Revival of Magick

Magick includes astrology and religious mythology. The term is inclusive of metaphysics, philosophy, theology, theurgy, divination and prophecy.

Magick: ROTA or Rose Cross Mandala with Crux Ansata from the book, Magical TheurgyThere is no such thing as self-initiation. We can try to lift ourselves by our own bootstraps but the outcome is a foregone conclusion.

Theurgy is the ‘practice of the divine’—solipsism is therefore a considerable bar to meaningful progress. There is no ‘unitarian intelligence’. Isolationism is the curse of the age.

It is impossible to convey any sense of what magick is to the mind of the person who lacks the will to perceive it. To explain and rationalise magick in the hope that ‘men of science’ and other worthies might achieve illumination is a mission doomed to failure from the outset.

Every idea the mind of man is able to conceive breaks down when subjected to analysis. The fact completely escapes those requiring proof of reality. Most persons think magick to be no more than superstition and fantasy. ‘Magick’ includes astrology and religious mythology. It includes metaphysics, philosophy, theology, theurgy, divination and prophecy. Magick embraces the life of the human soul, for the soul cannot be weighed, measured or otherwise accounted for. One can hardly overstate the fact that a considerable body of traditional knowledge collected over many thousands of years has been lost, forgotten or discarded as useless.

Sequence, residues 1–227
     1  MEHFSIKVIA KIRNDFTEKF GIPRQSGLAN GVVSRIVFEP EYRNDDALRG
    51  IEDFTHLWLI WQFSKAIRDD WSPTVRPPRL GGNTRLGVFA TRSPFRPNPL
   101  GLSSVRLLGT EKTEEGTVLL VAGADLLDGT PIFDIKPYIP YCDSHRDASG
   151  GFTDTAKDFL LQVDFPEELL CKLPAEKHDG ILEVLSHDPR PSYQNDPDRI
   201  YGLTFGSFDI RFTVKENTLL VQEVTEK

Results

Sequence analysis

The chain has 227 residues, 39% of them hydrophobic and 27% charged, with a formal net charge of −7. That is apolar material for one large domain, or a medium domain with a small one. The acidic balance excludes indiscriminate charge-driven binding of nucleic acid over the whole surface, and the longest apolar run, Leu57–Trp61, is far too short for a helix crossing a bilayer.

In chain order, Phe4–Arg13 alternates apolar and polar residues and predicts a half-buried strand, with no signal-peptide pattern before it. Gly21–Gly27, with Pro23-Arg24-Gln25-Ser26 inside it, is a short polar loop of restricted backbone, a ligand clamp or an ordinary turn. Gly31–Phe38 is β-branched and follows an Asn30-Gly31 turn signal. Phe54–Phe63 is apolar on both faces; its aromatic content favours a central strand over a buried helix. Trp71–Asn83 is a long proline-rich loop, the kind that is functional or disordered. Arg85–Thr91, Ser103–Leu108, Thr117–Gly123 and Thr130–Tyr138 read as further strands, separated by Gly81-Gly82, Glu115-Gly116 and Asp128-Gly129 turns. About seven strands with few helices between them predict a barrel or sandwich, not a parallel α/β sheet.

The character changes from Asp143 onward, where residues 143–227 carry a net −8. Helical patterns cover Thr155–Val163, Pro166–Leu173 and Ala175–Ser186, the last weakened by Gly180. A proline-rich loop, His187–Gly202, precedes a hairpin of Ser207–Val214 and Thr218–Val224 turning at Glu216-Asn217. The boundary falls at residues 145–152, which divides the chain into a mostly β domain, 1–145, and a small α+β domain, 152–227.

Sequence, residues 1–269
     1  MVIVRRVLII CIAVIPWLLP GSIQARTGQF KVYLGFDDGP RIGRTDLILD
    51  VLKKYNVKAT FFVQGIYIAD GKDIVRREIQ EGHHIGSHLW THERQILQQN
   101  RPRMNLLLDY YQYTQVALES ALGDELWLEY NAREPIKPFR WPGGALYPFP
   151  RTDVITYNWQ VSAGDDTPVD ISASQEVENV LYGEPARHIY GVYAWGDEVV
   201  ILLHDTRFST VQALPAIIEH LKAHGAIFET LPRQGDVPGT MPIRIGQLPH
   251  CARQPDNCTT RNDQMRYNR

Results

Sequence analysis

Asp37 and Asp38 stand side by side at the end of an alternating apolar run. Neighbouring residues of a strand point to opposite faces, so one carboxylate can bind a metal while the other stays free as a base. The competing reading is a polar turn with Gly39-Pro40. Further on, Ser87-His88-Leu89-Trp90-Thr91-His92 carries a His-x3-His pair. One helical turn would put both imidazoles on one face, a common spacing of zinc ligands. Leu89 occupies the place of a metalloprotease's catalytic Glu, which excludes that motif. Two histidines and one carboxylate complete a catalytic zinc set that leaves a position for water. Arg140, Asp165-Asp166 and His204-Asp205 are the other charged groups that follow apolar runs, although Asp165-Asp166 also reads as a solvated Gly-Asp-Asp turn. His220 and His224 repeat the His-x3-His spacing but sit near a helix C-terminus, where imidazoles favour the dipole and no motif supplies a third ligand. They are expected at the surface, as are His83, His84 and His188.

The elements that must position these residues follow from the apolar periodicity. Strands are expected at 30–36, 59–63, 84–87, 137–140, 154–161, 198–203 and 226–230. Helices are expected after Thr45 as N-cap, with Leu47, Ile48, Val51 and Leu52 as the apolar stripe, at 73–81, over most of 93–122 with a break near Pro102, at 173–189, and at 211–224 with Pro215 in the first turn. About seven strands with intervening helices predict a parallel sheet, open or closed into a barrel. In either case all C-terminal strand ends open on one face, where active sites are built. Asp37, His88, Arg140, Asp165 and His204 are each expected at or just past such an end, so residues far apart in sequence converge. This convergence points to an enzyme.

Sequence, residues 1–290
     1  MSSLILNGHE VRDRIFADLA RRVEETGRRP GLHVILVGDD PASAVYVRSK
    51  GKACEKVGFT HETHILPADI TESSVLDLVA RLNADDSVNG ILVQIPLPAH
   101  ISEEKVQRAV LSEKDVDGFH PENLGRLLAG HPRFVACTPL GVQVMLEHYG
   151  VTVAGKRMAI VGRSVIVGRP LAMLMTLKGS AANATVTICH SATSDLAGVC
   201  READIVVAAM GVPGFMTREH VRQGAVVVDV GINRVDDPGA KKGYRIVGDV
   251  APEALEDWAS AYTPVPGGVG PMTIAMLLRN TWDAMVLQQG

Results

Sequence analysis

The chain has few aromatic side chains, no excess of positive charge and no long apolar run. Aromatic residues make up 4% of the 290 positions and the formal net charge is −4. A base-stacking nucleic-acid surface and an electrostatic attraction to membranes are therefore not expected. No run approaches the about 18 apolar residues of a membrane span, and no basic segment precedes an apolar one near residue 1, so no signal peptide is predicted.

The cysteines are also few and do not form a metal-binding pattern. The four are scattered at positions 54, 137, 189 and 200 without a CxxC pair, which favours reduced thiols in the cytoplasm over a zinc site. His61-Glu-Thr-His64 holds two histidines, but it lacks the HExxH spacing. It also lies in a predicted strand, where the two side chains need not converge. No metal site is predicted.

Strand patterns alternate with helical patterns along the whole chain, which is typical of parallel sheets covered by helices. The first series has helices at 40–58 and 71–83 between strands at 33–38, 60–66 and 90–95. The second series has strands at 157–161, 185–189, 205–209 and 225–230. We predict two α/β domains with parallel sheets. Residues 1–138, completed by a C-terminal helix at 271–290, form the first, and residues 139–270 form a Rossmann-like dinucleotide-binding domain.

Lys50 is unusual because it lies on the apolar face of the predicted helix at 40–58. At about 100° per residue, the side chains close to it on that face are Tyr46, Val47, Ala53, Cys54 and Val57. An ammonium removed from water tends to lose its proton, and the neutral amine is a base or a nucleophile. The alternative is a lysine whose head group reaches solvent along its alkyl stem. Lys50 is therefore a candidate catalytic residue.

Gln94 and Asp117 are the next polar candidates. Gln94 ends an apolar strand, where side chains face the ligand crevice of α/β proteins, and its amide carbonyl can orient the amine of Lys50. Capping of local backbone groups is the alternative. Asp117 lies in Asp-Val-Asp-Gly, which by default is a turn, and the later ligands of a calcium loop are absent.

Magick

The revival of magick since the repeal of the Witchcraft Act in Britain (1951) owes a great deal to Aleister Crowley (1875–1947) and Violet Firth (better known as Dion Fortune, 1890–1946). Neither of these would have described themselves as witches, even if it had been lawful then to do so. If anything, they thought of themselves as practitioners of a Sacred Science. There is a dry, academic side to the occult, but to those that dare practice it, the romance and glamour surrounding the subject is indispensible to its effective operation. Both Crowley and Firth were aware of this, incorporating it in their writings. The part that romance plays is frequently misunderstood by historians and academics. ‘Factual’ accounts of the Western Magical Tradition are therefore suffused with allegations and counter-allegations of fraud and charlatanism.

It is necessary to dispose of some myths. The way of the magician or occultist is that of Knowledge, called Jnanayoga by Hindu philosophers. Belief is the enemy of knowledge; the noun implies a static state of affairs, an end of the matter. In nature, nothing is static. There is nothing that can truly be said to have an ending or a beginning. Why then should we have any need for belief?

Belief is the weakness of clinging to an illusion in the vain hope that by doing so, an illusion can be turned into reality. To seek the real, we must eschew the folly of belief. The ancient Egyptians, and other cultures predating the introduction of compulsory state monotheism (from around 500 BCE) had no word in their language for ‘religion’.

Close on the tail of belief is hypnosis and hypnotism. Making oneself the passive subject of any hypnotic experiment was regarded with such horror by the adepts of the historical (1888) Order of the Golden Dawn that all aspirants were made to swear a mighty oath never to allow this. In spite of that, it has become common lately to hear that hypnotism is an indispensible requirement for magick. Altered states of consciousness are sometimes referred to as trances, but the need to discern the difference is not a matter of semantics. The idea that magick works by implanting suggestions in your mind—or worse, the minds of others—to enable something to become true that you previously thought to be false or unlikely is patently absurd. It may obtain ‘results’ for persons obsessed with the objects of their desire but such results are entirely in the realm of illusion. It is the art of the stage conjuror.